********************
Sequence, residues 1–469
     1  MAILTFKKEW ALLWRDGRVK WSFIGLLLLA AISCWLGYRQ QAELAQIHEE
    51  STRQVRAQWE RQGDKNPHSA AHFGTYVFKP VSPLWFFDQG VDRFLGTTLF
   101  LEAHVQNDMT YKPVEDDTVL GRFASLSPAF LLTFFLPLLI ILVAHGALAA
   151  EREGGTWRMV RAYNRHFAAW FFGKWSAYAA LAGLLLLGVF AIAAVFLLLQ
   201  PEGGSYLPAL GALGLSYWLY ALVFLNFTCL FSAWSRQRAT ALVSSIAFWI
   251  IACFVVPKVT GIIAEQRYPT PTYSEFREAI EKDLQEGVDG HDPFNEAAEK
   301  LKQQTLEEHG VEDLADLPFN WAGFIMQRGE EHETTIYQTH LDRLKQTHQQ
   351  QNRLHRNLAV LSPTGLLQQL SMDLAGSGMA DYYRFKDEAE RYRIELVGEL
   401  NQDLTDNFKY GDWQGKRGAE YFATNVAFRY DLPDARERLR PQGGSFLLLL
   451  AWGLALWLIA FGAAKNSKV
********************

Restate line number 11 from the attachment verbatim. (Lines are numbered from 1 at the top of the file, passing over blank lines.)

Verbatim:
   451  AWGLALWLIA FGAAKNSKV